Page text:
10 entitled "Command of Bosanska Krajina Volunteer Units." And if you could

11 explain the significance of this document and link it with the prior

12 document that we just referred to, Prosecutor's Exhibit 16.

13 A. Well, this looks like the -- it is very likely the document

14 referred to in the 6th of September meeting. This document consists of a

15 cover sheet, signed by Colonel Ostoja Dejanovic, which begins -- this is

16 on page 1 of this document: "We hereby enclose the essay submitted at the

17 session of the representatives of the municipalities of Bosnian Krajina on

18 the occasion of the establishment of the command of Bosanska Krajina

19 volunteer units."

20 The document that this refers to is then, I guess, four pages in

21 English and makes numerous references to the relationship between this

22 mobilisation of Territorial Defence forces and the JNA, the Yugoslav

23 National Army.

24 Just to indicate a few of those references, on what is the first

25 English page of the attached document, page 22 is at the bottom, the

Page 1098

1 second paragraph begins: "The JNA does not have enough forces to cover

2 and protect all inhabited places."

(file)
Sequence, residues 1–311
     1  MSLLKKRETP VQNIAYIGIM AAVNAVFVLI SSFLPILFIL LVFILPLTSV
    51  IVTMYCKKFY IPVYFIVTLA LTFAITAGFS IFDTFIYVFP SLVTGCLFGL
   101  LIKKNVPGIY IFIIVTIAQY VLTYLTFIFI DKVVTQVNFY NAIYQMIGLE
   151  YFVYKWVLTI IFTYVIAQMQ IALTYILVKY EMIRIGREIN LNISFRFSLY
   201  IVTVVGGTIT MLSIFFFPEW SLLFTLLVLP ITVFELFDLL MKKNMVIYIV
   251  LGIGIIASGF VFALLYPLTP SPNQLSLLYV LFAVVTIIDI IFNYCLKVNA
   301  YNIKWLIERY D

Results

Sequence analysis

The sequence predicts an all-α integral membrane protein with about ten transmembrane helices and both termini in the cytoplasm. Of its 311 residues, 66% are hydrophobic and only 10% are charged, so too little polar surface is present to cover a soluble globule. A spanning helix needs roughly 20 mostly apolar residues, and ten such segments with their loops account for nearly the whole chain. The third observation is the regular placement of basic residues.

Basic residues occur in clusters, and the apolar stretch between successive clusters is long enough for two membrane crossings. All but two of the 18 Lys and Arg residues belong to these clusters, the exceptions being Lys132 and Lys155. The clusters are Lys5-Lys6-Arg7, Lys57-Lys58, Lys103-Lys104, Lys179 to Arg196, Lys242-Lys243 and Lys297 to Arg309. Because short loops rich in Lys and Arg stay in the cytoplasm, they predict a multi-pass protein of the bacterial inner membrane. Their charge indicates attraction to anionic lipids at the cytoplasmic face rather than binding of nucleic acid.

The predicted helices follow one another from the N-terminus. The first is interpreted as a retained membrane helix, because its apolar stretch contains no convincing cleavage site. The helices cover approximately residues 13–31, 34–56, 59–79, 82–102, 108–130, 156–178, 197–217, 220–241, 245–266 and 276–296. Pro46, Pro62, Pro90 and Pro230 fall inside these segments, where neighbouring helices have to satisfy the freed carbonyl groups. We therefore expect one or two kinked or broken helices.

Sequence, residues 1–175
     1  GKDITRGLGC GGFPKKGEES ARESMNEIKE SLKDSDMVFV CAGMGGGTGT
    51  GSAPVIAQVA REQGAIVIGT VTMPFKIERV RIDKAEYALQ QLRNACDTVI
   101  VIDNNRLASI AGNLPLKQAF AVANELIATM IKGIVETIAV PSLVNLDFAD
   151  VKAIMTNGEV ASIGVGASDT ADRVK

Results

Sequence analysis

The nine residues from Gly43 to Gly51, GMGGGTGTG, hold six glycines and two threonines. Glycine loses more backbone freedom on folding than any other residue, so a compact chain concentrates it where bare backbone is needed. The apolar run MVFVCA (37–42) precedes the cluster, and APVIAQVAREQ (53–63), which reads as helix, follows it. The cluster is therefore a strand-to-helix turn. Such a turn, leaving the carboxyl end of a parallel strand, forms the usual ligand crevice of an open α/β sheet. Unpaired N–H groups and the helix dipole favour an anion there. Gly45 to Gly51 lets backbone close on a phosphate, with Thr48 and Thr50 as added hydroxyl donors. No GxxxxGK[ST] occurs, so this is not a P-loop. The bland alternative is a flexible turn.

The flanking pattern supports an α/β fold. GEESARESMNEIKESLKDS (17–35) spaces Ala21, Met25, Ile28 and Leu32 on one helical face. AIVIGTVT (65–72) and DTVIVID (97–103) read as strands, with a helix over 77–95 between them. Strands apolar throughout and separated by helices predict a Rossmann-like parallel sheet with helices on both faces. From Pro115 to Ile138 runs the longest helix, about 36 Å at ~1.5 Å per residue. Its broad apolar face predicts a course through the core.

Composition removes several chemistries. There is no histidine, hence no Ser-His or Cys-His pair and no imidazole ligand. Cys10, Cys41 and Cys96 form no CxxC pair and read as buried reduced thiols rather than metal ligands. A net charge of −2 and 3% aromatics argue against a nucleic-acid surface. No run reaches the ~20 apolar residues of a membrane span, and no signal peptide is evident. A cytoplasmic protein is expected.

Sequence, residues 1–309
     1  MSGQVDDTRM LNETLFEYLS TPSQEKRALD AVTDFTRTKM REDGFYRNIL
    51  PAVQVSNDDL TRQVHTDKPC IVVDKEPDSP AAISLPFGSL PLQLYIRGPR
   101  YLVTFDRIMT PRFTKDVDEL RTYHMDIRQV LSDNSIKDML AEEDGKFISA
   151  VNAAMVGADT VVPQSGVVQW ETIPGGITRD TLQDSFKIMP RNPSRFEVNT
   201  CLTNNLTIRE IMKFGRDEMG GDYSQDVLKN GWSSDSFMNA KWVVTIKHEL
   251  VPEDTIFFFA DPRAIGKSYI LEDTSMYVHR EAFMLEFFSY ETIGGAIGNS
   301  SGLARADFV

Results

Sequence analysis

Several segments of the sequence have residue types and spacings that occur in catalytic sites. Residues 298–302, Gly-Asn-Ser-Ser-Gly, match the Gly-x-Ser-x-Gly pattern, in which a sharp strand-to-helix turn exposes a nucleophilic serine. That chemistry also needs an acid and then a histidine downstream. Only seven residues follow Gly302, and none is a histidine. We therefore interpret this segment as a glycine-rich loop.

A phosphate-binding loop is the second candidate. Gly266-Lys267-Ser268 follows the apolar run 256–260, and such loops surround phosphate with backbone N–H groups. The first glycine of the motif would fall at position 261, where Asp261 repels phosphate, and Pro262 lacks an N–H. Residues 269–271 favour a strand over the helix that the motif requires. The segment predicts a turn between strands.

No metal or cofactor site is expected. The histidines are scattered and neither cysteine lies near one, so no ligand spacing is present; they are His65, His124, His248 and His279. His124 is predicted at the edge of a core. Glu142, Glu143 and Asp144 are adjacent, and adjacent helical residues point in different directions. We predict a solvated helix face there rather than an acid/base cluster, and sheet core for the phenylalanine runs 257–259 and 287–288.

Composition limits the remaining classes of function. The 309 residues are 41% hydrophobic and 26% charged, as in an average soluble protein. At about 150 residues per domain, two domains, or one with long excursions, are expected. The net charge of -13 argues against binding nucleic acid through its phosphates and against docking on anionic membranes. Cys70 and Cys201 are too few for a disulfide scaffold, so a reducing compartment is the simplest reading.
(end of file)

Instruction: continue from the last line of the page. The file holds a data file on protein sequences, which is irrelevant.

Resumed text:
3 Then the fourth paragraph: "The volunteer units organised in this

4 way have only one task to perform: to protect their people from being

5 massacred by enemy forces which irrationally hate the Serbian nation.

6 These units will never be sent to attack some other nation. Their role is

7 purely defensive and nothing more. Volunteer units accept all tasks

8 assigned to them by JNA units pertaining to the defence of the common

9 state, peace, freedom, and equality of the nations which want to live in a

10 common state and which they can carry out depending on their equipment and

11 organisation."

12 If I could just move to page 24, and the relationship of these

13 volunteer units to the municipalities, the second paragraph there. It's

14 the fourth, fifth, and sixth lines on page 24: "In order to facilitate

15 better coordination, several municipal staffs should be linked in such a

16 way that a single operative officer supervises several municipalities and

17 coordinates their activities."

18 So I think this document suggests a strong relationship between

19 the ZOBK and a desire to organise volunteer units for defensive Serbian

20 interests.

21 Q. Dr. Donia, before we leave that document, can I direct you to the

22 final paragraph. And if you could just read that out for the benefit of

23 everybody's attention.

24 A. On page 25: "The person who ordered ammunition depots to be

25 opened and weapons to be distributed to the Serbian people obviously knew

Page 1099

1 what he was doing. The Serbian people can now be sure that they have not

2 been abandoned and that there are forces who are taking care of their

3 safety."

4 JUDGE AGIUS: Mr. Cayley, we have more or less five minutes left,

5 so I don't know where you stand.

6 MR. CAYLEY: I think I can get through one more document, Your

7 Honour, before we finish.

8 Q. If I could take you back to Tab 9 of your report -- of the

9 documents, I'm sorry, Tab 9 of the documents, which is Prosecutor's

10 Exhibit 12, and page 54 of your report. That's the relevant part of your